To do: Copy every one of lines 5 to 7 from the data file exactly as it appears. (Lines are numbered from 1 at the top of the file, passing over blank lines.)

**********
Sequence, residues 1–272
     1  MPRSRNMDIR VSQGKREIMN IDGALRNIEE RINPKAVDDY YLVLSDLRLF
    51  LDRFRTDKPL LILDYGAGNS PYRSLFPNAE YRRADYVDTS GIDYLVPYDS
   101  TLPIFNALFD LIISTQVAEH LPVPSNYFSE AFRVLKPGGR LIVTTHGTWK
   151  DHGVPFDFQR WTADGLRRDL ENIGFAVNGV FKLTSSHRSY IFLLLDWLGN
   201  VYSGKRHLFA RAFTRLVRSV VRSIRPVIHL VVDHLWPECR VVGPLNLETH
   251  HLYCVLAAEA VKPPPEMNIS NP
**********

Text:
   151  DHGVPFDFQR WTADGLRRDL ENIGFAVNGV FKLTSSHRSY IFLLLDWLGN
   201  VYSGKRHLFA RAFTRLVRSV VRSIRPVIHL VVDHLWPECR VVGPLNLETH
   251  HLYCVLAAEA VKPPPEMNIS NP